You may have noticed the new signs posted along the paths on Hunter island. The numbers correlate to different features of the “Island.” If you link below, you can find out what each sign post means. Dr. Kazimiroff was a noted Bronx naturalist. The trail marked in his honor winds through the largest and most natural of all of NYC parks. This area was once hunting and fishing grounds and the site of huge mansions. To find out more, print and bring the guide with you on your next walk. Kazimiroff Trail.pdf

City_Island_Birds_files/Kazimiroff%20All.pdfshapeimage_17_link_0

I know it’s spring or summer when the Marsh Wrens return. Listen for an almost rattle like sound. They usually pop up and go down into the tall grass. If you’re lucky, one will perch and sing for you.

This is a juvenile Black-crowned Night Heron. They nest in the area on Goose Island.

Binocular and Smartphone Help

If you’re not familiar with how your computer or smartphone can help you be a better and more successful birder, you should read my little primer, link here.

If you need or want a new pair of binoculars, you might want to begin here. Binoculars have really changed in the last few years. You can get a fantastic pair for a few hundred dollars and a really good pair for less than $200. Years ago, there wasn’t nearly as much choice. You should link here for ratings.

A very rare bird for Turtle Cove visited this week. It was a Tricolored Heron, which was still there on Friday. This was the first time I’ve ever seen one at this location.

In the 1960 and 70’ people worried that the Osprey might become extinct. It was certainly endangered because of the thinning of its shell from DDT. This bird has made a fantastic comeback. I took this photo as the bird hovered with this fish over City Island Avenue. Interestingly, once an Osprey sinks its talons into a fish, it cannot let go. So if the fish turns out to be too big and strong, it can sometimes drown the Osprey.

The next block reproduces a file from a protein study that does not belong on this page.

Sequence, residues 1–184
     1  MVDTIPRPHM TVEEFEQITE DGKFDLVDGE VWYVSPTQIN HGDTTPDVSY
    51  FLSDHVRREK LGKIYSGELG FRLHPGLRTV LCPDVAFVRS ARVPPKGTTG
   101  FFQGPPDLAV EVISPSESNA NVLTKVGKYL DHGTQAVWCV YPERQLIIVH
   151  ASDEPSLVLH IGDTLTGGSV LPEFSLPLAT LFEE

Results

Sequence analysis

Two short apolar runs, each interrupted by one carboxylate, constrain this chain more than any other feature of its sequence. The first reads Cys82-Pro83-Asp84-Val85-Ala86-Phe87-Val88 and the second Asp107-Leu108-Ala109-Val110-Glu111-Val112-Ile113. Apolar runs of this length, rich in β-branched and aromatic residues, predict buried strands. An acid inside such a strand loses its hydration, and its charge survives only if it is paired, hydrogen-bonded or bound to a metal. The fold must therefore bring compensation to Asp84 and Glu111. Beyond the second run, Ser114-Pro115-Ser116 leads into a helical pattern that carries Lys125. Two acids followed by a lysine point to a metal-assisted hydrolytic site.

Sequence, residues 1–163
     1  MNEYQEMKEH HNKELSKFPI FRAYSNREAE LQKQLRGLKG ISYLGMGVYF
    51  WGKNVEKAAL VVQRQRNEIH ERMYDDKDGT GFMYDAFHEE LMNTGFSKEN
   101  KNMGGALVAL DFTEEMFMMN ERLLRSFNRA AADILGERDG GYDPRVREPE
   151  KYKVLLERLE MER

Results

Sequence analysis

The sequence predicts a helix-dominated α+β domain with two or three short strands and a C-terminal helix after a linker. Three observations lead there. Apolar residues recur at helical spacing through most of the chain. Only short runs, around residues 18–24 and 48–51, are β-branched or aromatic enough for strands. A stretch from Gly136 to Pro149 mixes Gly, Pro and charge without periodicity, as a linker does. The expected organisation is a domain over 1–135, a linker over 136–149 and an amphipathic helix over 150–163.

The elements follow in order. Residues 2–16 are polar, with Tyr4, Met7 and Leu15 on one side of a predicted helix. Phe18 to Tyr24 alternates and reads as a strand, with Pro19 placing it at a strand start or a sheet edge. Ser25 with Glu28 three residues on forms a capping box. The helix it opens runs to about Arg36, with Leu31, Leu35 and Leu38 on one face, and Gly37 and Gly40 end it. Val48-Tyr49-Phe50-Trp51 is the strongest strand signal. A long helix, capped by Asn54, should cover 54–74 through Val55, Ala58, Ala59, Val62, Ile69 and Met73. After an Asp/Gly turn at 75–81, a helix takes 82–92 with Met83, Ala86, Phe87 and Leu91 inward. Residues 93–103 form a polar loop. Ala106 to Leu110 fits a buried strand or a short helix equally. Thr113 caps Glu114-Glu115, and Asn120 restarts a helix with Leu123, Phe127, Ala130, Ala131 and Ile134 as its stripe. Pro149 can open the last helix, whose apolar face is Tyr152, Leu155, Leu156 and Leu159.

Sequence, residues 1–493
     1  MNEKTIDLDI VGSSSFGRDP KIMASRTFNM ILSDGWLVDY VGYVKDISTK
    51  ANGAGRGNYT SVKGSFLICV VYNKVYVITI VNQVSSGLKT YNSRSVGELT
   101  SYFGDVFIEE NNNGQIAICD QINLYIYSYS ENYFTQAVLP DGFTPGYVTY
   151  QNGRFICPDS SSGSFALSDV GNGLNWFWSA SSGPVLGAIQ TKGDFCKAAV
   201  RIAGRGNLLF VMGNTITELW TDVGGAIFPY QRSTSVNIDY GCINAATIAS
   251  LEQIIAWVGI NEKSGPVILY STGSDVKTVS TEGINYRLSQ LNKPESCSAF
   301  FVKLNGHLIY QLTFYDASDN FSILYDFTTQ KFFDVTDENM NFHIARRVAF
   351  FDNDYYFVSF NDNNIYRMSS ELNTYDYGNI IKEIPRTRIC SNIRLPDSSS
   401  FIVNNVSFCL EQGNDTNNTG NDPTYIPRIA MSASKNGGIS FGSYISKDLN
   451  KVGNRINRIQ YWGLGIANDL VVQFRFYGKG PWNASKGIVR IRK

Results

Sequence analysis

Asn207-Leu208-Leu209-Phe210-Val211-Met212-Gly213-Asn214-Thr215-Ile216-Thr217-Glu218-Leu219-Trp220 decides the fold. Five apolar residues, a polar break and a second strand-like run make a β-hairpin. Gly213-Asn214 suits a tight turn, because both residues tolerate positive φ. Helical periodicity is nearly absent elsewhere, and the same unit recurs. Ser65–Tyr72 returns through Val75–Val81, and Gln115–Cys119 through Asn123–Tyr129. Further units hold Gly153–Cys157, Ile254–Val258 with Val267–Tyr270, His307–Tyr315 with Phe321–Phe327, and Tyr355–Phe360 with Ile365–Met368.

Blue-grey Gnatcatchers nest near the Bartow-Pell Mansion and most likely in several other locations around the park.

Willow Flycatchers are nesting all around the park. If you stand by the bridge at Turtle Cove, you’ll probably her one before you see it. It’s call is almost a sneeze, often described as a “Fitz-bew,”

Ok, it’s not a bird but a beautiful Eastern tailed Blue, I believe. It was photographed on the wood chip trail near the driving range last year.

On the left , is an adult Tree Swallow. The photo on the right is of a Barn Swallow nest.

We have both of these species nesting here in the park. If you go under the NY Central train trestle, near the Split Rock Golf Course, you can find Barn Swallows, like the ones here, nesting along the metal supports. They build mud nests which stick to these rafters. Interestingly, these and other Barn Swallows demonstrate “site tenacity.”  This means that if a location has worked out for them in the past, they will return again and again. The Barn Swallows here, have returned to this location for as many years as I can remember.


All photos and text by Jack Rothman
All rights reserved. No photo may be copied or duplicated without written permission.

Copyright 2014

Updated 6/8/14

Songbird Migration Ends for Now

Nesting Birds Remain

Shorebird Migration Picks Up

The songbird migration here has ended. Most breeding species are nesting now and the late spring-summer lull begins. Here in the park we have many nesting species. You can check which species nest here, by clicking the file below, “Birding Interest-Past Articles”. Nesting species are marked with an asterisk. We are lucky. While other areas of the city are slow, our location is fairly active with arriving shorebirds and wading birds.